Radiocarbon and fossil vertebrate ages of Late Pleistocene and Holocene sediments imply rapid rates of evaporite deposition in the northern Tularosa Basin, south central New Mexico
D. W. Love, B. D. Allen, G. S. Morgan, and R. G. Myers
Rates of accumulation from four distinct depositional environments in the northern Tularosa Basin are estimated using radiocarbon ages from various depths and some simplistic assumptions. Deposition of gypsum, other evaporites, and siliciclastic dust builds marshes, elevated pond and stream margins, and conical spring mounds. Two radiocarbon ages in young Holocene alluvium along Salt Creek show differing amounts of accumulation during the past few hundred years depending on evaporite deposition. Three samples determine the age and rapid accumulation (180–330 cm/103yr) of an extensive gypsum wetland along Salt Creek during the Younger Dryas climatic event 11–12 ka. Burned grass at the buried edge of the Carrizozo Malpais lava flow provides the first estimate of the radiocarbon age of the lava flow and may be used to estimate accumulation rates of several gypsiferous features in the vicinity. Two radiocarbon ages show that the large gypsum spring mounds at the Mound Springs complex grew to heights of 5 m or more in one or more episodes during the past 3,000 years. Stream and fan alluvium without evaporite preservation appears to accumulate on the order of 16–33 cm per thousand years whereas evaporite accumulation in different depositional environments ranges from 33 to 330 cm per thousand years.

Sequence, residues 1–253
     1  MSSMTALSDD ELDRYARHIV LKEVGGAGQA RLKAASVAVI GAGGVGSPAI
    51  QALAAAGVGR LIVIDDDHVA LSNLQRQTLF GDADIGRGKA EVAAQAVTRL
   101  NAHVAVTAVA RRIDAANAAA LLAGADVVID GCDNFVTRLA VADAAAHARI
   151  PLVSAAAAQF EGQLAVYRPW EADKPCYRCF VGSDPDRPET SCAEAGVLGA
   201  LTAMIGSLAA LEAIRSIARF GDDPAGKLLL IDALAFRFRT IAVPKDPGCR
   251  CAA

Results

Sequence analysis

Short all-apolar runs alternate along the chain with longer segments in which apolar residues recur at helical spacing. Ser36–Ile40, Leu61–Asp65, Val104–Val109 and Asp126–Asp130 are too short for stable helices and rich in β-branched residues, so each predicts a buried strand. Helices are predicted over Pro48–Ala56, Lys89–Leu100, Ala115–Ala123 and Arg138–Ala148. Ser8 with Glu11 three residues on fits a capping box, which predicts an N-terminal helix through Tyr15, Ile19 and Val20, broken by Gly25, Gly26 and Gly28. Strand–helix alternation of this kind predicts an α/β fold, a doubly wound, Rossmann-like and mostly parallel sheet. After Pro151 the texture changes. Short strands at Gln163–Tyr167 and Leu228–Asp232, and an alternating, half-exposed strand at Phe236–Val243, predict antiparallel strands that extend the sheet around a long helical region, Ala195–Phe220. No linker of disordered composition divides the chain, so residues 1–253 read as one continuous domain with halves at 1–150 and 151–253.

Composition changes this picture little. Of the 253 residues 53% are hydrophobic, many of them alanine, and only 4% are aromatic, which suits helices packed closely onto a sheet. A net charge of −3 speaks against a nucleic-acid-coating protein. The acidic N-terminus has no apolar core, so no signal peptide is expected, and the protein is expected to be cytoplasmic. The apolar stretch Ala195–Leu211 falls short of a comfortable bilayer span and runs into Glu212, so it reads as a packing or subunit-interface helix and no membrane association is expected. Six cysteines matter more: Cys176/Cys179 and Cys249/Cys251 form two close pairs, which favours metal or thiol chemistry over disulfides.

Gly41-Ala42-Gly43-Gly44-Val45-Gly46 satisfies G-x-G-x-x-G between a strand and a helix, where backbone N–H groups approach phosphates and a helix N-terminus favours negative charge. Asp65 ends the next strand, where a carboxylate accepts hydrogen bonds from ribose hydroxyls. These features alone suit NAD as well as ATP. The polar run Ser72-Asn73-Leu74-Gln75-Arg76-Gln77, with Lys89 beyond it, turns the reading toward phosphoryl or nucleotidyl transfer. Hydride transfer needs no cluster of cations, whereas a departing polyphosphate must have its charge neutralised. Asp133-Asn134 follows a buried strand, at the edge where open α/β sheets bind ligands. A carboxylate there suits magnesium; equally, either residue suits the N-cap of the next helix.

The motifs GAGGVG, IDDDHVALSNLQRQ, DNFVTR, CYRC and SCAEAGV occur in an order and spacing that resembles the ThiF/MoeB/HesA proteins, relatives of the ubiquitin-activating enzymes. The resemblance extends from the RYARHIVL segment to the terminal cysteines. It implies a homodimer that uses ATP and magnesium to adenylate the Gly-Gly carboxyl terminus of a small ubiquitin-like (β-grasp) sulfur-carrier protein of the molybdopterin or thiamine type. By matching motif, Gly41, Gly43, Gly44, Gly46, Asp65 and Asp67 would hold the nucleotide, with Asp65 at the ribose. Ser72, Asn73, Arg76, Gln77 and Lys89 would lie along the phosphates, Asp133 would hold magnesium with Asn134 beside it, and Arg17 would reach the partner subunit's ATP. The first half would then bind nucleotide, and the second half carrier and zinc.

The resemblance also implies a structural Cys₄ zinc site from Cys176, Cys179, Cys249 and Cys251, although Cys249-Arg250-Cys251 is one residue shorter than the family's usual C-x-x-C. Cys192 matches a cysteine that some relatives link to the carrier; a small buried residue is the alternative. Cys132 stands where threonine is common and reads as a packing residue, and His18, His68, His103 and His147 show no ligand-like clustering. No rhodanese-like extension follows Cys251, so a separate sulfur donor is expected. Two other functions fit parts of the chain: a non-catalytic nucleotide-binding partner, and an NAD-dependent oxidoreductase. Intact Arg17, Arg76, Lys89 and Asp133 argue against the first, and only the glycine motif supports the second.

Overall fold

- Love, D. W.; Allen, B. D.; Morgan, G. S.; Myers, R. G., 2014, Radiocarbon and fossil vertebrate ages of Late Pleistocene and Holocene sediments imply rapid rates of evaporite deposition in the northern Tularosa Basin, south central New Mexico, in: Geology of the Sacramento Mountains region, Rawling, Geoffrey; McLemore, Virginia T.; Timmons, Stacy; Dunbar, Nelia, New Mexico Geological Society, Guidebook, 65th Field Conference, pp. 135-142.